Effects of organic extracts of six Bangladeshi plants on in vitro thrombolysis and cytotoxicity
© Rahman et al.; licensee BioMed Central Ltd. 2013
Received: 20 May 2012
Accepted: 29 January 2013
Published: 30 January 2013
Thrombus formed in blood vessels lead to atherothrombotic diseases such as myocardial or cerebral infarction. Thrombolytic agents are used to dissolve the already formed clots in the blood vessels; however, these drugs sometimes cause serious and fatal consequences. Herbal preparations have been used since ancient times for the treatment of several diseases although they show little toxicity in some cases. Aqueous extracts of herbs used in thrombolysis have been reported before with cytotoxic data, however, the organic extracts of herbs have not been documented. This study aims to investigate whether organic extracts possess thrombolytic properties with minimal or no toxicity.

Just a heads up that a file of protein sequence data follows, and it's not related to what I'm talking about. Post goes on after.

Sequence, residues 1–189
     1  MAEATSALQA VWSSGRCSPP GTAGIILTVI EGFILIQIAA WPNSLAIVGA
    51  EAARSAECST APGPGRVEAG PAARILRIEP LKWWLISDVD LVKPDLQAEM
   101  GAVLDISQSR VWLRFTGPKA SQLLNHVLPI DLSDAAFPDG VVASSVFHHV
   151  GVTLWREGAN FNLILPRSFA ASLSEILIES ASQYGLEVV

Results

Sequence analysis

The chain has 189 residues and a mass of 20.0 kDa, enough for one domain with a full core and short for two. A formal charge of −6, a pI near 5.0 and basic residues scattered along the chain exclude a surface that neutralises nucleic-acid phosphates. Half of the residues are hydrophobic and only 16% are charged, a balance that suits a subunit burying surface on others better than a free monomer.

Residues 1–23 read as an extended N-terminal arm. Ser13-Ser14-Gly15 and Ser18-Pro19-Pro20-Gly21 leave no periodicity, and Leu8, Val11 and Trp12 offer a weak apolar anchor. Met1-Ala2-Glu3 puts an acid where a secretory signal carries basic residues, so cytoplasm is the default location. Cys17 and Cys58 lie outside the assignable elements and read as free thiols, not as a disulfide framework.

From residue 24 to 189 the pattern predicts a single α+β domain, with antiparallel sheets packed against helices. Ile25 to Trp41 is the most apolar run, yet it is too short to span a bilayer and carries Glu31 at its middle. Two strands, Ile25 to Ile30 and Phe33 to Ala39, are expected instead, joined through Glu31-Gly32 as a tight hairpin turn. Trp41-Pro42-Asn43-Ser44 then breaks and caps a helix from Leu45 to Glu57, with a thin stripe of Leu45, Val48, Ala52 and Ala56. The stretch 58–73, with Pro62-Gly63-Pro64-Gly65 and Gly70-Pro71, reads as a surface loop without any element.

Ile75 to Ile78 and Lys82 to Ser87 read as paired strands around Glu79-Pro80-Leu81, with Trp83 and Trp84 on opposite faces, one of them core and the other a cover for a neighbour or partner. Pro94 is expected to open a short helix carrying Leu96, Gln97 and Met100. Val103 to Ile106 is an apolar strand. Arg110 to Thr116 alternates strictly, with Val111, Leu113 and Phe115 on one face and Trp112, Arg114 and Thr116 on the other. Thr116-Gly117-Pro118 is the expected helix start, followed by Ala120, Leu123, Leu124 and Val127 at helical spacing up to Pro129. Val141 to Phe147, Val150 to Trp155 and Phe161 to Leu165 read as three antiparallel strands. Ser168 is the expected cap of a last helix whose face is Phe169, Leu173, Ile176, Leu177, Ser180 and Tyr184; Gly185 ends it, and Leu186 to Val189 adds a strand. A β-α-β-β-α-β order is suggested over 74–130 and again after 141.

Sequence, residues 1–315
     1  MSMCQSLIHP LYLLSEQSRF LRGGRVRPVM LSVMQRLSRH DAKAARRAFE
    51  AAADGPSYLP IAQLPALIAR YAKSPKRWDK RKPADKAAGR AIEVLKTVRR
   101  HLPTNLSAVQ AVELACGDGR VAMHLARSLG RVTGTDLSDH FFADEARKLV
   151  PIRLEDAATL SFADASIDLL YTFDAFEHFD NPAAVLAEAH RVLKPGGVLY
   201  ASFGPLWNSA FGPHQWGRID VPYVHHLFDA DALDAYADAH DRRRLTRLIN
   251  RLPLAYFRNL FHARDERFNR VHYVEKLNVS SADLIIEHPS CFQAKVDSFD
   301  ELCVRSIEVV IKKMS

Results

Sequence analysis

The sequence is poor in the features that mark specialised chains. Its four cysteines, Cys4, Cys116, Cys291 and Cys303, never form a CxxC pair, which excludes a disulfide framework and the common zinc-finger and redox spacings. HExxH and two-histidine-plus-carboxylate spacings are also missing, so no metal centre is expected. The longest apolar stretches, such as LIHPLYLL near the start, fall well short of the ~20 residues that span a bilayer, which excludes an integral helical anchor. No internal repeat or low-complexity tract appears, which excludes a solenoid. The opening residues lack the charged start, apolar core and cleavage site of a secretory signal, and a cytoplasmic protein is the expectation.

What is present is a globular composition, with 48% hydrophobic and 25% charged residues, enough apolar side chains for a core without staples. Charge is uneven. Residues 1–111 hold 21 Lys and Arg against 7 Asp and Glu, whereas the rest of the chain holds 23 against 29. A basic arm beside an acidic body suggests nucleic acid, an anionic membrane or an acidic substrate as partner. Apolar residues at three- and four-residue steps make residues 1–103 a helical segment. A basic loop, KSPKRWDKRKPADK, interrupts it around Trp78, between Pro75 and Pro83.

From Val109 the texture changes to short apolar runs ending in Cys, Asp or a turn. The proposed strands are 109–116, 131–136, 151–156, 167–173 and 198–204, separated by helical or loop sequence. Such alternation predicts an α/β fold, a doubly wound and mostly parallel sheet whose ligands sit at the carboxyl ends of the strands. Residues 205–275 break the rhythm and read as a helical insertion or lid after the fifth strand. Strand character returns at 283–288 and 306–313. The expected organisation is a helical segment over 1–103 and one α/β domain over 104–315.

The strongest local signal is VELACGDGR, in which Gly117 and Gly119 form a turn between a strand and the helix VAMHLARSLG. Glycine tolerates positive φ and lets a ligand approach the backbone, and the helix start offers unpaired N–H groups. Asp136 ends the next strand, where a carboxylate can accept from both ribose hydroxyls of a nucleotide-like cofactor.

An in vitro thrombolytic model was used to check the clot lysis effect of six Bangladeshi herbal extracts viz., Ageratum conyzoides L., Clausena suffruticosa, Leea indica (Burm.f.) Merr., Leucas aspera Willd., Senna sophera L. Roxb., and Solanum torvum Swartz. using streptokinase as a positive control and water as a negative control. Briefly, venous blood drawn from twenty healthy volunteers was allowed to form clots which were weighed and treated with the test plant materials to disrupt the clots. Weight of clot after and before treatment provided a percentage of clot lysis. Cytotoxicity was screened by brine shrimp lethality bioassay using vincristine sulfate as positive control.